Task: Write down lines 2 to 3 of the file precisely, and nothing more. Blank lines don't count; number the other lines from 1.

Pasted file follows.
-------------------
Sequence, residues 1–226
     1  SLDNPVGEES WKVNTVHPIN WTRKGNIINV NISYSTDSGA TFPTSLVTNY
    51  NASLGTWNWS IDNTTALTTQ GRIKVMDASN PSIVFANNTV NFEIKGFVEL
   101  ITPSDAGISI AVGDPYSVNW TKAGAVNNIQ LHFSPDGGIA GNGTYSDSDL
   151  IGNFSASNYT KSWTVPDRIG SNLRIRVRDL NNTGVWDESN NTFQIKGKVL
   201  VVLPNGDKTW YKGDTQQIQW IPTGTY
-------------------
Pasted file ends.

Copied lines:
     1  SLDNPVGEES WKVNTVHPIN WTRKGNIINV NISYSTDSGA TFPTSLVTNY
    51  NASLGTWNWS IDNTTALTTQ GRIKVMDASN PSIVFANNTV NFEIKGFVEL